The national prevalence of obesity among non-pregnant women was 0.8, 1.6 and 2.4 percentage point in 1996, 2004 and 2014 respectively. Obesity prevalence among non-pregnant women was dissimilar across socio-economic and area-based subgroups in Chad across all three survey periods.
The result shows prevalence of obesity was significantly higher among wealth quintile 5 and 4 respectively as compared to other three wealth quintiles (1, 2 and 3 quintiles). For instance, the prevalence among quintile 5 was 3.6, 5.2 and 7.3 percentage point in 1996, 2004 and 2014 respectively. Whereas, among quintile 1 for example, it was 0, 0.9 and 1.1 percentages point in same survey years respectively.
The pattern of obesity prevalence was different across economic subgroups. It was increasing from 1996 to 2004 and, then continued as constant till 2014 among quintile 1and quintile 2. On the other hand among quintile 5, it was constant from 1996 to 2004, and then it changed in to increasing till 2014. The pattern among quintile 3 and 4 was constant overtime (Table 2).
In 1996 survey, obesity prevalence among non-pregnant women was significantly higher among secondary school and above categories followed by primary school subgroups as compared to no educated. Nonetheless, no prevalence difference was observed across education subgroups in 2004 survey. Except in no educated subgroups; prevalence of obesity was significantly lower as compared to the rest two education subgroups, no difference was identified between primary and secondary school and above subgroups in 2014 survey.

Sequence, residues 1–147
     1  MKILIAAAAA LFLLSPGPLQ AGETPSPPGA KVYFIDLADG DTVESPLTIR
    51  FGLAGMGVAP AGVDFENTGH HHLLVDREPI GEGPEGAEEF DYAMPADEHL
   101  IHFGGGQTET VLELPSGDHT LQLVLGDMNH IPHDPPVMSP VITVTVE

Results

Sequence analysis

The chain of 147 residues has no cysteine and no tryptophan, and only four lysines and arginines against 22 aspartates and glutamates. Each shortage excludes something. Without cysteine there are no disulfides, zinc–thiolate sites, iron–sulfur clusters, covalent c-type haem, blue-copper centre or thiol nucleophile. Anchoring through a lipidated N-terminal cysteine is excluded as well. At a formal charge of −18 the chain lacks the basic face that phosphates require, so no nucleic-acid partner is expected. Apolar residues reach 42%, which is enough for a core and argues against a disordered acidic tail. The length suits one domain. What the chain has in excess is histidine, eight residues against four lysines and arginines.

With the exception of increasing pattern from 1996 to 2004 among no educated subgroups, the pattern of obesity prevalence among non-pregnant women was constant in other education subgroups and surveys (Table 2). The result from this study also shows presence of significantly higher obesity prevalence among urban residents as compared to their counter parts from 1996 to 2014. The pattern of obesity prevalence among rural residents was increasing from 1996 to 2004 and then, it continued as constant till 2014. However, among urban residents its pattern was constant overtime as presented in Table 2.
Another main finding from the current study is dissimilarity in obesity prevalence across regions within the country in all three surveys. For instance, zero obesity prevalence was observed in 1996 survey in Batha, Biltine and Tandjila regions. In same survey, disproportionately higher prevalence of obesity was observed in B. E. T. next to Ndjamana region. On the other hand, in 2004 survey, the highest and lowest obesity prevalence was observed in Logone Oriental and Lac respectively (Table 2). Due to different regions in all three surveys, figuring out obesity prevalence pattern makes difficult in this study.
Magnitude and trends of socio-economic and area based inequality
Table 3 shows existence of absolute and relative socio-economic and area-based inequality in obesity prevalence among non-pregnant women in Chad from 1996 to 2014.